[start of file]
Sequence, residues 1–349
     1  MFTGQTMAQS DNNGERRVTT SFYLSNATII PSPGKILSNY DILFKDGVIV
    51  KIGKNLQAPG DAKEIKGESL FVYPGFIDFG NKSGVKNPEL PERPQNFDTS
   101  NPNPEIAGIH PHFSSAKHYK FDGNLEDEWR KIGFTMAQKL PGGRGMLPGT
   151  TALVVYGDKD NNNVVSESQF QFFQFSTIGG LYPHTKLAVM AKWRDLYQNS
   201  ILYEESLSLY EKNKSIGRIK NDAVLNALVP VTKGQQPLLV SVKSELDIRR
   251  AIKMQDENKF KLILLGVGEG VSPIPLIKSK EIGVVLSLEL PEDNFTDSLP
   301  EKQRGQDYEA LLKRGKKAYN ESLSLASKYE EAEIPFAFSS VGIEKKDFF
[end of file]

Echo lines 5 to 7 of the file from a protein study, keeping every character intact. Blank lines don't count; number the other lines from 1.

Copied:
   151  TALVVYGDKD NNNVVSESQF QFFQFSTIGG LYPHTKLAVM AKWRDLYQNS
   201  ILYEESLSLY EKNKSIGRIK NDAVLNALVP VTKGQQPLLV SVKSELDIRR
   251  AIKMQDENKF KLILLGVGEG VSPIPLIKSK EIGVVLSLEL PEDNFTDSLP